We clinked margarita glasses. We had just served chipotle chiles five ways to a room full of foodies and I felt the ice-cold tequila slide from my throat to my stomach. We’re losing a cook and a server and so I suppose the toast was appropriate. He’s got a sous-chef gig out west and she’ll find work out there somehow.
Outside, the sky was dark. A woman was walking with her head down, her arms crossed, her coat hood pulled around her head. The season was changing.
My coat was smeared with chocolate syrup. I had been swirling it over the top of ice cream for the last course and I had unknowingly made a giant mess. After seeing my state of affairs — the counter covered in droplets, my hands dripping — even Julie had laughed.
A year ago, the thought of walking through Mount Lookout Square in a chocolate covered chef’s coat would have alarmed me. But these days it doesn’t seem so bad. I’ve done stranger, more surprising things and none of them have left me worse for wear.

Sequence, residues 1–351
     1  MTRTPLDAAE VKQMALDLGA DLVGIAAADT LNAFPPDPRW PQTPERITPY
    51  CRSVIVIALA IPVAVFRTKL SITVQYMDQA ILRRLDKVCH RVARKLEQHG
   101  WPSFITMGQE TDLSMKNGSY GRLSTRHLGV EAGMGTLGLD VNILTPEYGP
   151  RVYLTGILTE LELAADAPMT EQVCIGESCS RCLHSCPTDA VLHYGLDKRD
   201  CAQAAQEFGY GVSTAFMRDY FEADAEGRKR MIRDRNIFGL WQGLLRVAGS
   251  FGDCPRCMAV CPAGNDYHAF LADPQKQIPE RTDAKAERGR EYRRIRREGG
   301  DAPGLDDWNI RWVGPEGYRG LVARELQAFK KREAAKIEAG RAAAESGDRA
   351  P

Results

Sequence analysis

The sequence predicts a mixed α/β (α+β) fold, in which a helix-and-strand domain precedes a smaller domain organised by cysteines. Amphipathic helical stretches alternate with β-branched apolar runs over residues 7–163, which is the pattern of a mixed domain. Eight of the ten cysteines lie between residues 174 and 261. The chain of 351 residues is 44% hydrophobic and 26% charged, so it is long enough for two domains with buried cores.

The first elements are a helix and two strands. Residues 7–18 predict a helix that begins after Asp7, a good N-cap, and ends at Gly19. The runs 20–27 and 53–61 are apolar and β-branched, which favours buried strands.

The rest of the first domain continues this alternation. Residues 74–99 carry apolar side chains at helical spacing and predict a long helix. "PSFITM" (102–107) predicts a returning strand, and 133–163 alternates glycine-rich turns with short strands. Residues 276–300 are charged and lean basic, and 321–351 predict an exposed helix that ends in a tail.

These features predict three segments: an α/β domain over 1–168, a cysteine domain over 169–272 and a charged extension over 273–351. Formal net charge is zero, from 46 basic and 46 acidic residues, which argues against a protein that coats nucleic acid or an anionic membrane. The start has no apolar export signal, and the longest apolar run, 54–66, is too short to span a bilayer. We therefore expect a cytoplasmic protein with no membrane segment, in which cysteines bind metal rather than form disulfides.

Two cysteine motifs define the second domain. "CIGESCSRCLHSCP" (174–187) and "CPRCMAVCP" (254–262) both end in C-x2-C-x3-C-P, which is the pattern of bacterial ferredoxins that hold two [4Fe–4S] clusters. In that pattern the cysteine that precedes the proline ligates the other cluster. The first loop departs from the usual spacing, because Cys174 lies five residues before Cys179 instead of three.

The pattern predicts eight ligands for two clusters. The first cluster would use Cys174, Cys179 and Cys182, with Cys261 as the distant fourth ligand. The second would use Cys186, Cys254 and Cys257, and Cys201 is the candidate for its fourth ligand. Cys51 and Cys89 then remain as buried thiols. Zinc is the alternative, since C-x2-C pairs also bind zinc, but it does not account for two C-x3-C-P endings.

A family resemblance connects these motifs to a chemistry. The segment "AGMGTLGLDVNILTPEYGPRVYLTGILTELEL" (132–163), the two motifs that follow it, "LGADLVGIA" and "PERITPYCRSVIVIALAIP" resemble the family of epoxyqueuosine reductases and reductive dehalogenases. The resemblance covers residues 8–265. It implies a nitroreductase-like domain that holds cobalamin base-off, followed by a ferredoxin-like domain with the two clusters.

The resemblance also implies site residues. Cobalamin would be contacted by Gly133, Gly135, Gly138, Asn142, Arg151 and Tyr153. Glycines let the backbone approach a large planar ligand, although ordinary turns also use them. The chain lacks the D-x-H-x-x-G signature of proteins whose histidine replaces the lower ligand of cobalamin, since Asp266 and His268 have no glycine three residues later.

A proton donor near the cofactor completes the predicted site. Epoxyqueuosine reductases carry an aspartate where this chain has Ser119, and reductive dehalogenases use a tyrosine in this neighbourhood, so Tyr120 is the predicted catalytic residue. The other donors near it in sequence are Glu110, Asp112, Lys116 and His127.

It’s my last couple of weeks at Nectar and in a lot of ways I’m sorry to give it up. I just figured out where they keep all the clean sheet trays. But it’s time to get back to culinary school. I’ve got more demons to face — namely the baking variety.
I leave knowing a few more things than I knew before. The restaurant business can be brutal. The hours are long. The pace is merciless. Guacamole IS better with chipotles. And its been one of the great honors of my life to see inside the window. To experience the curiosity, the passion and the stamina that it requires to keep buttoning up and showing up.
And to the steady, to the focused, to the unflappable Julie Francis, thanks for letting me in.